I think traditional wisdom is both underrated, and overrated. Its something we dont use alot of these days, and we could stand to rely more on it. Theres some powerful medicine in herbs, plants and foods. Its a useful and productive system of knowledge, the subjective, intuitive and experential.

And yet, the body is extremely complex. Most things have both pros and cons. Whats an example...opium used to be used for poisoning (a long time ago). In fact, its not good at clearing toxins, but it does make the situation feel better. Tobacco was used by the native americans, but its a carcinogen (and so is their native sassafras). Cinnomin lowers the blood sugar, but it does so by altering the metabolism in other ways (more cellular heating, receded glut4 receptors).

Somethings are too complex, or too subtle for "wisdom" to pick up on. Many things in fact. Thats where we need medicine and science.

On the other hand of course, our modern minds tend to obfiscate the common sense, and the subjective. That way we miss things that should be self-evident, because we are waiting for 20 peer reveiwed studies to prove it.

I would not personally champion a way of eating, merely because its based on traditional practices and wisdom. That certain counts toward some intelligent practice, but it does not ensure their are no negative side effects.

I mean it goes without saying that traditional cultures are not aiming for optimal health, they are merely avoiding the more obvious harms, by their observable correlation with certain practices. A good form of intelligence, but hardly a perfect form of knowledge.

It somewhat depends on timespan, wisdom. If something has been done a certain way, for thousands of years, its probably better than something done for hundreds. But if one or two people slowly develop an illness from the practice, there is no way to make the connection, without understanding the mechanisms.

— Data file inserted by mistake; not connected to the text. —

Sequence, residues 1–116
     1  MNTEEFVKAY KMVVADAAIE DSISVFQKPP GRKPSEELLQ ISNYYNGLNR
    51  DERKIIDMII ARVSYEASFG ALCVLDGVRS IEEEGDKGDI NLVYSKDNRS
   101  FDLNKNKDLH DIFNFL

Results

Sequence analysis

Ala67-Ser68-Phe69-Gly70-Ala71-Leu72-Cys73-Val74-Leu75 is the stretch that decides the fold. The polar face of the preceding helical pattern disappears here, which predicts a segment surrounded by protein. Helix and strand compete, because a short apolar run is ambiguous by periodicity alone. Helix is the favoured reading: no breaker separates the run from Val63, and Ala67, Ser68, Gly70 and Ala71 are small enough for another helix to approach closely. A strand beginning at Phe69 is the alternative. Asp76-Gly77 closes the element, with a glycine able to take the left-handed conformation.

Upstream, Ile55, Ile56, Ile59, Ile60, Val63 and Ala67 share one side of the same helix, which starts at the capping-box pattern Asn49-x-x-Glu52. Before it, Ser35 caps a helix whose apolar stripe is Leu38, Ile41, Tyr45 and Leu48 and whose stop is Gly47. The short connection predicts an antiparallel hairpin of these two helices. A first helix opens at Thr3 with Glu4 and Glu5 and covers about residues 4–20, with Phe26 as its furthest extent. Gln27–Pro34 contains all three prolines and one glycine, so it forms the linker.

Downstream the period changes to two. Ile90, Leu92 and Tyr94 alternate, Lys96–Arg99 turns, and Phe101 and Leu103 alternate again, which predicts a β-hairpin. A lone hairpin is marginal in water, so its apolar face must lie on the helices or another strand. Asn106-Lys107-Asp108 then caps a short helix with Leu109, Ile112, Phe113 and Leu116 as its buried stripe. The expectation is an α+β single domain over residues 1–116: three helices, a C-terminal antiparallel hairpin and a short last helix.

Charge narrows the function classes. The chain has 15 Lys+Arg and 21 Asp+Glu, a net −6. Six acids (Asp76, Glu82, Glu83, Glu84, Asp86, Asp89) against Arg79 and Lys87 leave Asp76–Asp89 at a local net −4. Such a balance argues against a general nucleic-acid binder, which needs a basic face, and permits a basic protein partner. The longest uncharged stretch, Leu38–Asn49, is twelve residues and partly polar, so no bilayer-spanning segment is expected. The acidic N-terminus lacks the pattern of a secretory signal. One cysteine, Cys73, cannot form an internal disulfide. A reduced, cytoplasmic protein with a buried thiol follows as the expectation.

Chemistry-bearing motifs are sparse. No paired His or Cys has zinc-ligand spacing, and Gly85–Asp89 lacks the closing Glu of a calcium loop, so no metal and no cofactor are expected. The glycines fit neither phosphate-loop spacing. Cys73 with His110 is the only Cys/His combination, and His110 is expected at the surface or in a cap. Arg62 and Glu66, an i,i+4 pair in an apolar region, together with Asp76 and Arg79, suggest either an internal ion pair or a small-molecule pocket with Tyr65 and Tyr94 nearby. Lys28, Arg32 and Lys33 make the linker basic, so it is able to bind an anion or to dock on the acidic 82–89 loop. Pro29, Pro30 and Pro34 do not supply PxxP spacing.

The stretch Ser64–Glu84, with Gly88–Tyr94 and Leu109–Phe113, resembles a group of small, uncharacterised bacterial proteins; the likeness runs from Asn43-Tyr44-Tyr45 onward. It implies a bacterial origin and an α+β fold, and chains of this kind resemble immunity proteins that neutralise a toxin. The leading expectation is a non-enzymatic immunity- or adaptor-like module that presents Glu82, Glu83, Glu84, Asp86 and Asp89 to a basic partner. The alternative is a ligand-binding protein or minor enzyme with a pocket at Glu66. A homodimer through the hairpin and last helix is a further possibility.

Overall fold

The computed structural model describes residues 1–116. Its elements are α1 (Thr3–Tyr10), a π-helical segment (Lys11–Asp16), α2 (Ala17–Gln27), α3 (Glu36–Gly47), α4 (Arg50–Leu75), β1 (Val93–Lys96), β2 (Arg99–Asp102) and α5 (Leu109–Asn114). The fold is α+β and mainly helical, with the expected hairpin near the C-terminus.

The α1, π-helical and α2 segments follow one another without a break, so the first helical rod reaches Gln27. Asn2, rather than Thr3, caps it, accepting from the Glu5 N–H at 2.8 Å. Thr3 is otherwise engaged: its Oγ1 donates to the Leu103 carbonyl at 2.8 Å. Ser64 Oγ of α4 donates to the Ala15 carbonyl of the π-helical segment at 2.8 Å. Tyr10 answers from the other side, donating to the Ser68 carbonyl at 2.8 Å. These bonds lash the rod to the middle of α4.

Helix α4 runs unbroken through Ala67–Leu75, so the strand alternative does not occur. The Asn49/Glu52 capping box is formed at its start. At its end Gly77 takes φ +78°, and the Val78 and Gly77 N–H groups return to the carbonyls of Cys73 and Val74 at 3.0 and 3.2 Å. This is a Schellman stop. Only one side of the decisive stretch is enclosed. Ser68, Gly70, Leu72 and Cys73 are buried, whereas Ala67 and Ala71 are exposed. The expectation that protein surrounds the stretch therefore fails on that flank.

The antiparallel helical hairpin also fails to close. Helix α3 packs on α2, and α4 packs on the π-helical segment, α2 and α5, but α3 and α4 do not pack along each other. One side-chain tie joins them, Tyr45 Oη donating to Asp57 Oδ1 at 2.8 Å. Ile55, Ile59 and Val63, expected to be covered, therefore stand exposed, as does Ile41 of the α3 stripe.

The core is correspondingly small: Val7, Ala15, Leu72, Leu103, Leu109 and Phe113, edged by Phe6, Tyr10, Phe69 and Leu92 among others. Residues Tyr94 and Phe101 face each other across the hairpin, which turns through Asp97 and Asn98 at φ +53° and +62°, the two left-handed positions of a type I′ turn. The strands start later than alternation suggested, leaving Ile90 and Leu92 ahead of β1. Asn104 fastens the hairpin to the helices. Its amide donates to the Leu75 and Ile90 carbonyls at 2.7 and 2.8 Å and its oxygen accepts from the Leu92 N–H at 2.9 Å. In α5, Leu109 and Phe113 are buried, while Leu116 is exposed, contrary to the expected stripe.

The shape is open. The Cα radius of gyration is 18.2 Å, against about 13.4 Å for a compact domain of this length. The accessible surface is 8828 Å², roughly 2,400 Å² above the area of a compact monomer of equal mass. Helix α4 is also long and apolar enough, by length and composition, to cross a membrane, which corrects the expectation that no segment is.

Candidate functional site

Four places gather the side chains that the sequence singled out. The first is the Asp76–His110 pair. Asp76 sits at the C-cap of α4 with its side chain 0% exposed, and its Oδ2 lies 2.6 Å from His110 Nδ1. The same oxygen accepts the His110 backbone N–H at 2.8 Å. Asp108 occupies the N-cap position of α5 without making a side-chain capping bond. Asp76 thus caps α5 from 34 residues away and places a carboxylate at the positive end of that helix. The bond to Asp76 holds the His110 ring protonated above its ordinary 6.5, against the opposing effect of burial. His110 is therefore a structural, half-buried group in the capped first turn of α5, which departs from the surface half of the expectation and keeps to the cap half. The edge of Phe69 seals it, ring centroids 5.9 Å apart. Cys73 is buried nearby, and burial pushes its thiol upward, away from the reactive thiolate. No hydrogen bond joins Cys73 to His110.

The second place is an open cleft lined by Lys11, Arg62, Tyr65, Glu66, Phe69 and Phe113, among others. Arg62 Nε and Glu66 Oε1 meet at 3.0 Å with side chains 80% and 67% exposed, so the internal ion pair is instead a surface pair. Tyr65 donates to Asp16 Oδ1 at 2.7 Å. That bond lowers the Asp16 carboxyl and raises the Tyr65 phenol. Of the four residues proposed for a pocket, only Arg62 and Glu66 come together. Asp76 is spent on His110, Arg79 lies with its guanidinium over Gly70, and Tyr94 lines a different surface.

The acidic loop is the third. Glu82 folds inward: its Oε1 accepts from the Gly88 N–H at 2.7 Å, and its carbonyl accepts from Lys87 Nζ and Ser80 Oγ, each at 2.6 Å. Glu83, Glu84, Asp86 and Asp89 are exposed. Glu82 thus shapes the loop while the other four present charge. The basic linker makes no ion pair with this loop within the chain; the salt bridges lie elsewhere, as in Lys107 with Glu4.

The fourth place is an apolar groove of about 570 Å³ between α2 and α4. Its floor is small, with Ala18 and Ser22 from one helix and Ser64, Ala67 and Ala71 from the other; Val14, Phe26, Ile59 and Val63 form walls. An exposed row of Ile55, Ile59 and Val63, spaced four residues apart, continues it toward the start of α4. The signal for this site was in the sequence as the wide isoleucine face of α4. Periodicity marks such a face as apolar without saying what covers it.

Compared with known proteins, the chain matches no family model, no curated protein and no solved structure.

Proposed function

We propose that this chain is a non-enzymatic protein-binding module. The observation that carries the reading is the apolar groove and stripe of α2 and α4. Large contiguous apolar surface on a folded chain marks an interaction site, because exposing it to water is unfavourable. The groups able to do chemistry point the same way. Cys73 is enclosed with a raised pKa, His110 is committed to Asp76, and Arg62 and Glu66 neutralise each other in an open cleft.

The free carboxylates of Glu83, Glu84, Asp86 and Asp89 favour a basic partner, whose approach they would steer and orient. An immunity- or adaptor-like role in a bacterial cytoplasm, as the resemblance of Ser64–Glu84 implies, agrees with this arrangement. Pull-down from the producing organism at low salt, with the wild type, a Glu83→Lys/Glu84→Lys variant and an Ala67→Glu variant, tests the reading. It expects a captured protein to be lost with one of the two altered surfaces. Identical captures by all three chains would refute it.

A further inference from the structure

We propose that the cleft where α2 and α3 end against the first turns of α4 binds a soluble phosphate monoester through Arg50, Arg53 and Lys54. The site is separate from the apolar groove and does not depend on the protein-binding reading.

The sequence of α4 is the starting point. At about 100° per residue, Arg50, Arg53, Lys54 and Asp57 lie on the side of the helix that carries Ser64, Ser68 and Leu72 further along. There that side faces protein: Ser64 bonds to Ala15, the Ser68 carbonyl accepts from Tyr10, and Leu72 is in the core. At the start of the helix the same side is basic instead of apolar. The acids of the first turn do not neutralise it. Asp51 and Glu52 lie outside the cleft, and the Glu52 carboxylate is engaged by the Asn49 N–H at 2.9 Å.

And moreso if everyone in the village or tribe, is at that point doing a range of potentially responsible behaviours. Either way people would just shrug their shoulders and put it down to bad luck, or evil spirits.

Paleo, on the other hand, tries to rely on genetics (what we are adapted to, rather than what we have experimented with in our landscape).

But paleo is also guesswork based on logic, and some evidence, just like traditional wisdom practices are guesswork based on experience and observation.

Id probably put some stock in information from both sources - the logic and science of the paleolithic (with tradition based on how many people did it, and for how many years) and science. Knowledge is elusive after all. People who beleive they have it, have not thought about the nature of knowledge.

I think you bring up an interesting issue in this idea of tradition/wisdom. For health direction: Some rely on the common sense of pre-agriculture, or pre-industrialism. Some rely on science and intellect, as well as beleif. I think its well worth considering into these other two, experience and subjective practice (tradition), and balancing them all against each other. They all have their faults and weakness, and are stronger when used together.

I actually beleive that a higher form of intelligence exists in the combination of the subjective and the logical, a form of knowledge that no society has exhibited, combined, and to its full potential, to date. But even still, you cannot have perfect knowledge.

I think the biggest problem with this presented conception of knowledge (and the one people commonly beleive in), is that its like a lost object. One day, your supposed to just find it after a long time looking.

But its more like looking for the ideal rock (you keep finding a better one, and throwing the other away), or better - trying to map out an island with flashlight in the dark. The search for knowledge is eternal, unending.

TLDR:

Basically put, to sum, subjective experience is underrated these days in terms of knowledge. We miss a whole load of things because we rely too heavily on "evidence" which is often itself biased, and not enough on what we learn, and intuit and experience.

But then again, that is all "wisdom" and tradition is, a period of collected experience and intuition. Observation cannot alone make all possible connections, it cannot fix to seeming or unseeming correlated elements into a causation. If it was a 100% superior form of knowledge to logic and science, wisdom would have discovered that tobacco was a carcinogen back in pre-colonial america etc.